LEGAL COSTS: WHICH WAY ARE THEY GOING?
Depending on which survey you read, corporate legal expenses are either going up or going down. Last June, the Wall Street Journal published an article saying legal spending was down, then ran a piece in September entitled "Lawyers' Fees Rise, and Clients Pay Up."
Both, as it turns out, are right. Total corporate legal spending is increasing, but as a percent of revenue, it is flat, according to the latest Pricewaterhouse-Coopers legal department spending survey. In other words, says Aileen Leventon, a partner with the firm's law firm and law department consulting group, the strong economy has boosted overall corporate revenue, but legal expenses have not increased at the same rate.
A similar study of smaller companies, however, conducted jointly by Co-Counsel, a legal staffing firm, and Corporate Legal Times, found different results. The 139 companies with average revenues of $2.1 billion reported an 11 percent decrease in total legal spending from 1996 to 1997 and an 11 percent decrease from 1997 spending to estimated 1998 spending.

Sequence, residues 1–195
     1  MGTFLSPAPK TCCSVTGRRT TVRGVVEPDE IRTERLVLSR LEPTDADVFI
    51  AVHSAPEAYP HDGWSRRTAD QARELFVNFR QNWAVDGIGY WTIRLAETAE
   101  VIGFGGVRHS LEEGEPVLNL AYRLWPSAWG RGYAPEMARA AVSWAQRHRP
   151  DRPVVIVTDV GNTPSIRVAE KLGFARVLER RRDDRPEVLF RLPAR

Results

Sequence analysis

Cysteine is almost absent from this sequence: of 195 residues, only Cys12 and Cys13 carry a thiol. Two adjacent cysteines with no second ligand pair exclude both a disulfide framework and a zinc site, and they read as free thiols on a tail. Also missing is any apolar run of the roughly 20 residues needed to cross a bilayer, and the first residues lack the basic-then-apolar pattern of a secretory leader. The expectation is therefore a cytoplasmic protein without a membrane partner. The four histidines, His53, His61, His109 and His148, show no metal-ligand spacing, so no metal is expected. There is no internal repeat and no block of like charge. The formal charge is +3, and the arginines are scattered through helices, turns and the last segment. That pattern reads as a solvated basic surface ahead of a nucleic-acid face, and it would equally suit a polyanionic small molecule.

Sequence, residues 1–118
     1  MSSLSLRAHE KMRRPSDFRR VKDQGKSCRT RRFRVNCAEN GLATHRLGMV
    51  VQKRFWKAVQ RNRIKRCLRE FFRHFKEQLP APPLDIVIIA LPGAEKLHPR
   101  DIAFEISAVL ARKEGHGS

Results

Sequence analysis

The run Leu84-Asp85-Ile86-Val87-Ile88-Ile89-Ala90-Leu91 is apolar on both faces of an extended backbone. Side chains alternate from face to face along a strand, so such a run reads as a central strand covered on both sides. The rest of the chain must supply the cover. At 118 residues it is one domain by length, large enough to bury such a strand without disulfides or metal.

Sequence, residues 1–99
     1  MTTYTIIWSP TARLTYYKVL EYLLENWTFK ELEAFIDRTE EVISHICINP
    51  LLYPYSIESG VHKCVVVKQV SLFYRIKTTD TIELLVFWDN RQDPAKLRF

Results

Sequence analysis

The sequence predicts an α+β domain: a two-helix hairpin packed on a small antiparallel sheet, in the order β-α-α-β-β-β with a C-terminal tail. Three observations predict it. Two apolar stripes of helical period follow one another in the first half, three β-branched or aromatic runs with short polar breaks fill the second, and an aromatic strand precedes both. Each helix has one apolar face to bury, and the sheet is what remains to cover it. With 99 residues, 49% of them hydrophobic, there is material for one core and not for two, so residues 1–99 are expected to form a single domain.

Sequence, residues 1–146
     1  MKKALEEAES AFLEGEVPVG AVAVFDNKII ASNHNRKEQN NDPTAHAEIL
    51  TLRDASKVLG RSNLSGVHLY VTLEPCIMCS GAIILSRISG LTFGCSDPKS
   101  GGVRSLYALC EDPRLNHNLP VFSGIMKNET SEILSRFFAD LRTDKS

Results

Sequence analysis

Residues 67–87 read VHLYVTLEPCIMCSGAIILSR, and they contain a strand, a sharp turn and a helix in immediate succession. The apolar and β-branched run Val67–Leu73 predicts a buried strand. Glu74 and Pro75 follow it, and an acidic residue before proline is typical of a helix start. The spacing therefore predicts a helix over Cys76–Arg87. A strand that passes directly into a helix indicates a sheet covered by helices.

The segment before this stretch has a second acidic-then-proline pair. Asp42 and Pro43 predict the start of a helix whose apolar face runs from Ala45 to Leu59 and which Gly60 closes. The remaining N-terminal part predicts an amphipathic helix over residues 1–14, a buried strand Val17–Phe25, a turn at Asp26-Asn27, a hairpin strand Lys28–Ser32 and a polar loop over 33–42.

Conflicting data aside, the prevailing wisdom is that legal expenses are skyrocketing. The perception comes in part from media attention to class-action suits and well-publicized settlements, lawyers say. But as companies bring more work in-house, consolidate the number of firms they work with, more carefully scrutinize legal bills, and implement new technologies, they may actually be bringing their legal costs in check.
Still, that doesn't mean legal costs shouldn't come down further. Traditionally, law departments have gotten away with spending habits that would never fly in other departments. Lawyers, for example, bill by the hour. All entries--such as the identity of the person doing the work, descriptions of the work, and the amount of time charged--are then arranged in chronological order. The result is that it is difficult to ascertain how much a particular project is really costing the company, says James d'A. Welch, vice president, litigation management, for Reliance National, a New York insurance company, who is working on a system that would require project-based bills rather than chronological invoices.
Until recently, it was typical for companies to return to the same law firms over and over again because they had strong personal relationships with the individual attorneys. Today, relationships still count, but not if the law firms' rates are not competitive.-- J.C.D.